Simon did his PhD thesis at Leeds University. He studied the carbon dynamics of tropical forests in Tanzania with the Valuing the Arc programme (www.valuingthearc.org). His main research interests are based within the broad themes of ecology and conservation. Specifically, he is interested in the interaction between natural biomes and people, mapping and modelling these complex processes with hope to increase the sustainability of resource extraction whilst simultaneously increasing human welfare through equitable payment for ecosystem services mechanisms (e.g. REDD+). Simon will be continuing this work for ASSETS, modelling the provision of ecosystem services and their use by the local people.

Carolin Bothe-Tews
UoS – Centre for Biological Sciences
Team communication and assistant to ASSETS PI
Carolin holds a Diploma in Geography from the University of Heidelberg. She has almost 20 year of experience in communication and knowledge management mainly the field of development cooperation. For GTZ/GIZ she worked on the communication and information aspect of various projects in field of agriculture and environment and was seconded to the FAO Headquarters as deputy project manager for INPhO, the ‘Information Network on Post-harvest Operations’. Her thematic background is agriculture, environment and sustainability.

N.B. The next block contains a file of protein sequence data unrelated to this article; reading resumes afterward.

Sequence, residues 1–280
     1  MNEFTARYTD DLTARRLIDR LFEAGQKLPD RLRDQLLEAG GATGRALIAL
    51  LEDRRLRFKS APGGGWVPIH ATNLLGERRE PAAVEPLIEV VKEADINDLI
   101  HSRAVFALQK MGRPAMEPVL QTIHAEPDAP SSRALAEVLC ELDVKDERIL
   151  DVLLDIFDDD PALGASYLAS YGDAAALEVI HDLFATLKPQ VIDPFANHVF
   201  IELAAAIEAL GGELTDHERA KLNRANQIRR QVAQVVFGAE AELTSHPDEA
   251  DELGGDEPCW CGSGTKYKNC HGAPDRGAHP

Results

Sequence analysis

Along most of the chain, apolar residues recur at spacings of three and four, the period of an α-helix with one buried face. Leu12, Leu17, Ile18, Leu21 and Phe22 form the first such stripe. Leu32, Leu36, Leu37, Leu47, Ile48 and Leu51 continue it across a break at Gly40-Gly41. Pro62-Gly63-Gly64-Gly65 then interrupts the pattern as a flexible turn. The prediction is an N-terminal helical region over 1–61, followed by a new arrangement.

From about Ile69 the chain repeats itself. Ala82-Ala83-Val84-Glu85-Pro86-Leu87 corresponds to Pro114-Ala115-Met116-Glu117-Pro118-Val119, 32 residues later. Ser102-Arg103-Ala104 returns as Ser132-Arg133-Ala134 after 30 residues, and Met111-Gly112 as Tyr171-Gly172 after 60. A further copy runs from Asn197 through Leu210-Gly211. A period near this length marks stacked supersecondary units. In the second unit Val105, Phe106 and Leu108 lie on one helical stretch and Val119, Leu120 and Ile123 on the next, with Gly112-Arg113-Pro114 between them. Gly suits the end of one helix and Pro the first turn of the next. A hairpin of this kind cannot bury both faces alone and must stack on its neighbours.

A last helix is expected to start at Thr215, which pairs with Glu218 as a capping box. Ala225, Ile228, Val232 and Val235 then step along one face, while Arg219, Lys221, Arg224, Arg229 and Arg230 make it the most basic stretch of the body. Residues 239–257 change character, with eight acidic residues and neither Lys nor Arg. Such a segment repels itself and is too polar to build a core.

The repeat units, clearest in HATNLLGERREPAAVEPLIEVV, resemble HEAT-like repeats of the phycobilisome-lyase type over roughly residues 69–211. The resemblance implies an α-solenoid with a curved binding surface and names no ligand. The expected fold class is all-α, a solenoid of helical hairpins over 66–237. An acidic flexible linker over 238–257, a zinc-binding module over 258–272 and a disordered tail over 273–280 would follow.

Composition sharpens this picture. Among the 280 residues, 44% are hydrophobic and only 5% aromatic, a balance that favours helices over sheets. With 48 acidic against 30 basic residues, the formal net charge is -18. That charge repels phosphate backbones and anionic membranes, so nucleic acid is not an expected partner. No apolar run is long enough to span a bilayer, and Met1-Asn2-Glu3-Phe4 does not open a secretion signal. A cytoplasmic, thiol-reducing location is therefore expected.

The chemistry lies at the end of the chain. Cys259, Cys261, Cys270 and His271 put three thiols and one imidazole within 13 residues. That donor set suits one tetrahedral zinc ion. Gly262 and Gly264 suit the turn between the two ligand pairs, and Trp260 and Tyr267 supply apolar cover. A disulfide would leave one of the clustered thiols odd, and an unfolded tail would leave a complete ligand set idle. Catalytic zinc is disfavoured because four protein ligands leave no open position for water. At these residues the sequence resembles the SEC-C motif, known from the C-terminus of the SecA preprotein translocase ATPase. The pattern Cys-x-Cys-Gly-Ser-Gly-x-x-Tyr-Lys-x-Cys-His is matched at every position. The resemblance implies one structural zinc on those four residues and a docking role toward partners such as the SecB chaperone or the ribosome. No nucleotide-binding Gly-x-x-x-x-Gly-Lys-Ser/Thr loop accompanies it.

Associated PhD students

f-harrietHarriet Smith
Harriet holds a Masters in Environmental Science (MEnvSci) from the University of Southampton, and started her PhD at the beginning of 2013. Her research interests predominantly focus upon socio-ecological systems and poverty alleviation through natural resource management. More specifically, the PhD will be looking at the social and environmental impacts of woodfuels in Malawi. Harriet is blogging at https://charcoaldiaries.wordpress.com/.

f-samSamantha Dobbie
Samantha began her PhD towards the end of 2013. Her research focuses on the use of simulation tools to explore complex social, ecological and political aspects of food security. As part of her PhD, Samantha is working alongside ASSETS to construct an agent-based model of food security in rural Malawi.

f-myriamMiriam Joshua